Article by Teq Minsky regarding Brooklyn for Peace event I recently attended on behalf of Poto
Supporting Haiti takes many forms
By Tequila Minsky
Last month, First Lady Michelle Obama and Vice-President Joe Biden’s wife, Dr. Jill Biden, spent a day in Haiti. As they witnessed the extent of devastation from the January earthquake they wanted to make sure the world does not forget.
Haiti, however, has and continues to be on the radar of New York’s Haitian community and local community activists. Nightly events pay homage to the trauma the country has endured while recognizing its dire needs. Proceeds collected at fund-raisers go to a myriad of efforts from typical large U.S.-based relief agencies to heartfelt and many very effective Haitian grassroots organizations.
Recently, the Latin American Committee of Brooklyn for Peace called for the first meeting in the coordination of the Brooklyn-Haiti Solidarity Initiative (Latinam@brooklynpeace.org).Held at the Society for Ethical Culture with a multi-ethnic assemblage of participants, members of local community or affinity-based organizations spoke about theirdirect on-the-ground earthquake relief work.
Manolo Santos of IFCO/Pastors for Peace told of delivering needed supplies trucked over the border from Dominican Republic.
Dr. Luther Castillo, about to return to the region, talked about coordinating the immediate and sustained Cuban medical effort. These doctors were able to respond at once as they were already in Haiti; hundreds of Cuban doctors provide medical care, there. Cuba also offers medical school scholarships to Haitian students and these graduates are working in Haiti.
Ninaj Raoul of the Brooklyn-based Haitian Women for Haitian Refugees has been to Haiti three times since Jan. 12 working alongside IFCO and MUDHA (Movement for Dominican-Haitian Women) and giving support to the children and staff of a destroyed orphanage in Leogane.
Marie Yoleine Gateau with the Neges(Nest for Educational Growth and Environmental Safety) Foundation works in the same region, the quake’s epicenter.She has been providing supplies and assistance to the families and children (over 800) who lost their homes, many connected with the Leogane School she has been supporting for more than 10 years.
Alice Backer announced the upcoming meeting entitled Reconstructing Haiti: Women at the Center on May 4 at New York Women’s Foundation (http://www.potofanm.org).
The Solidarity Initiative will hold its second meeting from noon to 1:00 p.m. as part of the Brooklyn Peace Fair on May 15 at the Brooklyn College Student Union.The fair’s hours are 12:00 p.m. - 5:00 p.m. with the participation of more than 30 Brooklyn organizations, workshops for youth and adults, performances and information tables from many local groups. The fair’s keynote speaker will be Fr. Roy Bourgeois, Noble Peace Prize nominee and Founder of School of the Americas Watch.
There are countless other local efforts for grassroots activities in Haiti.Recently in lower Manhattan, NYC residents Jacqueline and Jean-Paul Fils-Aime held a cocktail party in the loft of a neighborhood doctor and with the support of friends and neighbors raised $10,000 to help rebuild, reopen and support the earthquake damaged Children’s Harvest School.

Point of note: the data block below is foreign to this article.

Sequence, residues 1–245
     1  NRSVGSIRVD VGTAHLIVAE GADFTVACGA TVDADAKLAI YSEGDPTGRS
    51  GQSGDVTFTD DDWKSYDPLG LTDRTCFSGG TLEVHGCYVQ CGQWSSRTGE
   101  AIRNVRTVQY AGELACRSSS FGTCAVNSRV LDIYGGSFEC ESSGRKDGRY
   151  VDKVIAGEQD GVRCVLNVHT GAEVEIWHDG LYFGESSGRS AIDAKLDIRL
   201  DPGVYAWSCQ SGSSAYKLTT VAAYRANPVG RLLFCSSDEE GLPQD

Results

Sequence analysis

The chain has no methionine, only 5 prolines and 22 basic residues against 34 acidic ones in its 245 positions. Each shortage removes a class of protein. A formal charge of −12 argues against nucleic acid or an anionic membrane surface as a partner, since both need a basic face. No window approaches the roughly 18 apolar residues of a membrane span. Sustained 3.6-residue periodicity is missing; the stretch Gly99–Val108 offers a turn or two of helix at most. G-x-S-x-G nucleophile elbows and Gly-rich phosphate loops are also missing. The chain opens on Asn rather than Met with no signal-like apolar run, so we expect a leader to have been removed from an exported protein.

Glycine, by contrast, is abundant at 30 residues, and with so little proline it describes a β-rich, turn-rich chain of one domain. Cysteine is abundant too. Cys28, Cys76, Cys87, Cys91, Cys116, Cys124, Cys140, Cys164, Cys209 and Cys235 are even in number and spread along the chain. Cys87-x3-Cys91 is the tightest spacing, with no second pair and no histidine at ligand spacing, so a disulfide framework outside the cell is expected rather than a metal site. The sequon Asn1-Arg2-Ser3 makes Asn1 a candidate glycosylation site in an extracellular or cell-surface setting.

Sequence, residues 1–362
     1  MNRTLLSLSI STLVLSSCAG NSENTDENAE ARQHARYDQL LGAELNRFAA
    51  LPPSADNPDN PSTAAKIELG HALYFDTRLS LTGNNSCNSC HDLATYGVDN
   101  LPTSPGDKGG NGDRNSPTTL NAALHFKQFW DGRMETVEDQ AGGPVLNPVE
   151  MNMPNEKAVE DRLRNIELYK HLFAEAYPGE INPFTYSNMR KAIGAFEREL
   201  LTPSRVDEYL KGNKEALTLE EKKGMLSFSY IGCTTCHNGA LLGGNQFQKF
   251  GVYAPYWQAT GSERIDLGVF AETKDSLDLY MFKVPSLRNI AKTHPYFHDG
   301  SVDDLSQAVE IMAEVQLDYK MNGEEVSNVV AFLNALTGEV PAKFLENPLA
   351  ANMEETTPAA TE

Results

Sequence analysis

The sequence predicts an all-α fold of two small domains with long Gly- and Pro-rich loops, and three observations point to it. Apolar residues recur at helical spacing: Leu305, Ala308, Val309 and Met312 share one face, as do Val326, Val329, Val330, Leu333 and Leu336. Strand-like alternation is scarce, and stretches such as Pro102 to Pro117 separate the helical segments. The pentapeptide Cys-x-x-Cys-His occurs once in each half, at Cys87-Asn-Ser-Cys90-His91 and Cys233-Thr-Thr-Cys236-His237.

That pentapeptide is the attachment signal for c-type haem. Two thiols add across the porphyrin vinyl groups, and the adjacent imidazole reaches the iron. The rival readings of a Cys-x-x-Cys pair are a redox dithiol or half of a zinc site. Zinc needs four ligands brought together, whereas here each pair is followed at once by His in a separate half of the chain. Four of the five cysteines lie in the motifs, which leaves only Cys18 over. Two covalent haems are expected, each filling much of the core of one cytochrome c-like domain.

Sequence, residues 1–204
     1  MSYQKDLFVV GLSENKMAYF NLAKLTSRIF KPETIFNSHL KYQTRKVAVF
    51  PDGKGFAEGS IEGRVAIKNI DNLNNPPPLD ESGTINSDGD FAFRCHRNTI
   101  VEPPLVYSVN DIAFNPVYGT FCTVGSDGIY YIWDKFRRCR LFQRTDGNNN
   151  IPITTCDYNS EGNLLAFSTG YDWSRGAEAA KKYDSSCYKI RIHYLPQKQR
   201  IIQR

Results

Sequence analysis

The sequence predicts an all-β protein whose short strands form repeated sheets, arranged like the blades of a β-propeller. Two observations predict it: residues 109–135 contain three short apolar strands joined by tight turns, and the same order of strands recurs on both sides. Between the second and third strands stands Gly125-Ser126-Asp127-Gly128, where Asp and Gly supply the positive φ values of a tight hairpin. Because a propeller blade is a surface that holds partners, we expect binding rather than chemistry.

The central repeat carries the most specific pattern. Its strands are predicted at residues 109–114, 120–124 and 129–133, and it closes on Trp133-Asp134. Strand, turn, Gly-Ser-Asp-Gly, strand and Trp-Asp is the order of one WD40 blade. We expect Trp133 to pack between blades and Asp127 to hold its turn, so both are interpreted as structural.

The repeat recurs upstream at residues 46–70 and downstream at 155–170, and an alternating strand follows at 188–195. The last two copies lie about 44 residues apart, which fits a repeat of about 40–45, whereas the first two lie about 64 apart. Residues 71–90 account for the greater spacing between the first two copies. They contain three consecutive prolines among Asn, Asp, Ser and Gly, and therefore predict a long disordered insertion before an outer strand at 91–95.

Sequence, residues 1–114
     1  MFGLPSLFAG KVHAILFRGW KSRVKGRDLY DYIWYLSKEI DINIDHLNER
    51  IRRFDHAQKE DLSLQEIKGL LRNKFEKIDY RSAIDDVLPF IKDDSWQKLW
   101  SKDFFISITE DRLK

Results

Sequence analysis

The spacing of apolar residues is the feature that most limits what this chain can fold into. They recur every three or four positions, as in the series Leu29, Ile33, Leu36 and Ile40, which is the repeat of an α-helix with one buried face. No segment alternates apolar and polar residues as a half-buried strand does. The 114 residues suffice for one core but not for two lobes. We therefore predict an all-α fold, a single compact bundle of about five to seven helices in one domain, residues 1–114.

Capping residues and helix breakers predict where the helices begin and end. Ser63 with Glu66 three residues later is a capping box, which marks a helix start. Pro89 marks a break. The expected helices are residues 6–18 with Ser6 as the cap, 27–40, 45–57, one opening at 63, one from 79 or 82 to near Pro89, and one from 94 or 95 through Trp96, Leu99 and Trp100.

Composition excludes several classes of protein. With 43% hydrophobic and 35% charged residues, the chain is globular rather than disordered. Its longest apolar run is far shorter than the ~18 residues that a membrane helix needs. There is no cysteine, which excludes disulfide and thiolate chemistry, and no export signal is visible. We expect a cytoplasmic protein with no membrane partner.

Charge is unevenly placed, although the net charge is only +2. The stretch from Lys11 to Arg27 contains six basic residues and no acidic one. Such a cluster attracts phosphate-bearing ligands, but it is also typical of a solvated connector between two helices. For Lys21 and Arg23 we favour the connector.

Andree Carroll Celestin Hector, Jacqueline’s sister, started the school over 10 years ago in the Delmas 19 area of Port-au-Prince.Prior to Jan. 12, 300 children from that zone attended classes there in two sessions. Two-thirds of the students have their tuition waived. When possible, the school also provided a daily hot meal, which they hope to reinstitute with monies recently collected.
An Art for Humanity exhibition/fund-raiser in a gallery on Manhattan’s Upper West Side was held recently to support the Gastov Clerge Foundation that works in southern Haiti. Periodic medical missions with 50 volunteer doctors offer medical services to residents in the southern town of Les Cayes.This organization is also more than 10 years old and one of it’s founders, Herzen Clerge was on hand to talk about the work of the organization that focuses on education, health, science and sports (www.gaskov.org). Regional towns have been greatly impacted by the earthquake as they absorb the hundreds of earthquake refugees.
Raoul Peck’s one-time screening of Moloch Tropical at the Tribeca Film Festival was also a benefit, the proceeds going to Handicap International and the continuing work they’re doing in treatment and providing prosthesis for numerous recent amputees in Haiti (www.handicap-international.us).
Last month a Brooklyn screening of the film Poto Mitan and music with Troupe Makandale benefitted Domes for Haiti - pre-fab geodesic domes that are designed to be transitional shelter (www.domesforhaiti.org).
Events held in homes, community centers, at educational institutions, and a variety of other venues will continue to be organized to raise awareness and provide funds that go directly to very specific projects.
For the extended activist and Diaspora community, Haiti has never been far from their consciousness. It would be impossible to list all the recent local gatherings that support relief or rebuilding efforts in Haiti; these are but a few. In looking for projects to support, it is always good to do your research and when possible know those involved.